2. And be it enacted, That every person being an inhabitant of this state, who shall be entitled to the service of a child born as aforesaid, after the said fourth day of July next, shall within nine months after the birth of such child, cause to be delivered to the clerk of the county whereof such person shall be an inhabitant, a certificate in writing, containing the name and addition of such person, and the name, age, and sex of the child so born; which certificate, whether the same be delivered before or after the said nine months; shall be by the said clerk recorded in a book to be by him provided for that purpose; and such record thereof shall be good evidence of the age of such child; and the clerk of such county shall receive from said person twelve cents for every child so registered: and if any person shall neglect to deliver such certificate to the said clerk within the said nine months, such person shall forfeit and pay for every such offence, five dollars, and the further sum of one dollar for every month such person shall neglect to deliver the same, to be sued for and recovered by any person who will sue for the same, the one half to the use of such prosecutor, and the residue to the use of the poor of the township in which such delinquent shall reside.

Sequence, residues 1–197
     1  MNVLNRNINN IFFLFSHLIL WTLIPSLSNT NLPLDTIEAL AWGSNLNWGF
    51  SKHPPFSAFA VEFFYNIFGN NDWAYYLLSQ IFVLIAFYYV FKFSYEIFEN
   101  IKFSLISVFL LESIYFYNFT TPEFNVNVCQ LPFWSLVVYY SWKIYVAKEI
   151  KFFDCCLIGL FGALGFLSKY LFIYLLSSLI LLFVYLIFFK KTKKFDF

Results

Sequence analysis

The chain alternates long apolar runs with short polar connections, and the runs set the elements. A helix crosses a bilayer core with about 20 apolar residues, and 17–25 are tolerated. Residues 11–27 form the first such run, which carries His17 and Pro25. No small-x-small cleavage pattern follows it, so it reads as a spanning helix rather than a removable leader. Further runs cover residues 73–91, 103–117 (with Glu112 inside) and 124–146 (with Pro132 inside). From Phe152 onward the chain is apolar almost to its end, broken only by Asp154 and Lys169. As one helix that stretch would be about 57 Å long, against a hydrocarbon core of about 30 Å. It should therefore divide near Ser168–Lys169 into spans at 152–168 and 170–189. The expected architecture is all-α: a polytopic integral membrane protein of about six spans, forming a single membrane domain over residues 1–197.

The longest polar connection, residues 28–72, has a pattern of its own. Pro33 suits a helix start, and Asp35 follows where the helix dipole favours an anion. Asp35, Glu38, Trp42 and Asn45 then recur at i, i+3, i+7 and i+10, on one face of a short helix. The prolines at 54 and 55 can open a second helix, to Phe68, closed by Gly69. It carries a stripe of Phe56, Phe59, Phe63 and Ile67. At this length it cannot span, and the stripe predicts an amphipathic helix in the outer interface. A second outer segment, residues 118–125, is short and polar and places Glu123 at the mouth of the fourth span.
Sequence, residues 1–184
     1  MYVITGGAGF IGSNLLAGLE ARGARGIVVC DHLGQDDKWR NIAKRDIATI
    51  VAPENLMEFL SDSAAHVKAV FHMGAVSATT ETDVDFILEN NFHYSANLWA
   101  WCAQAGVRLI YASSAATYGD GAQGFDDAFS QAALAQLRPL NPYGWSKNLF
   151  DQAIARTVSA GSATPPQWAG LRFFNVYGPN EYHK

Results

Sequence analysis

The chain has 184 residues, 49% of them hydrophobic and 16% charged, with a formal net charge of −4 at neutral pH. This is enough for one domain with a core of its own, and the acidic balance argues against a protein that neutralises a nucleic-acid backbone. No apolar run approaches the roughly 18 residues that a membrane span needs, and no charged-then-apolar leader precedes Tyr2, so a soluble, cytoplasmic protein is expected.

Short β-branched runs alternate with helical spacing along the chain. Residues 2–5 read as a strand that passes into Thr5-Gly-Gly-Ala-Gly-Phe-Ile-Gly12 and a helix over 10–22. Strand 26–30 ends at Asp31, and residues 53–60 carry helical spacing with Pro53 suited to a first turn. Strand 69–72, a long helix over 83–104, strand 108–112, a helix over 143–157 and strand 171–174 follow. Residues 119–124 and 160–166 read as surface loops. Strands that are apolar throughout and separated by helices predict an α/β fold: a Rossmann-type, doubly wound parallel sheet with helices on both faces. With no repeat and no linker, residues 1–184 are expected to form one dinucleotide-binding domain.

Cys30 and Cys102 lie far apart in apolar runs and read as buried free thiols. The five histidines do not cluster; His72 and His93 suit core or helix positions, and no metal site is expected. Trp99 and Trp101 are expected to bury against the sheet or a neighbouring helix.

3. And be it enacted, That the person entitled to the service of any child born as aforesaid, may, nevertheless within one year after the birth of such child, elect to abandon such right; in which case a notification of such abandonment, under the hand of such person, shall be filed with the clerk of the township, or where there may be a county poorhouse established, then with the clerk of the board of trustees of said poor-house of the county in which such person shall reside; but every child so abandoned shall be maintained by such person until such child arrives to the age of one year, and thereafter shall be considered as a pauper of such township or county, and liable to be bound out by the trustees or overseers of the poor in the same manner as other poor children are directed to be bound cut, until, if a male, the age of twenty five, and if a female, the age of twenty one; and such child, while such pauper, until it shall be bound out, shall be maintained by the trustees or overseers of the poor of such county or township, as the case may be, at the expence of this state; and for that purpose the director of the board of chosen freeholders of the county, is hereby required, from time to time, to draw his warrant on the treasurer in favor of such trustees or overseers for the amount of such expence, not exceeding the rate of three dollars per month; provided the accounts for the same be first certified and approved by such board of trustees, or the town committee of such township; and every person who shall omit to notify such abandonment as aforesaid, shall be considered as having to retain the service of such child, and be liable for its maintenance until the period to which its servitude is limited as aforesaid.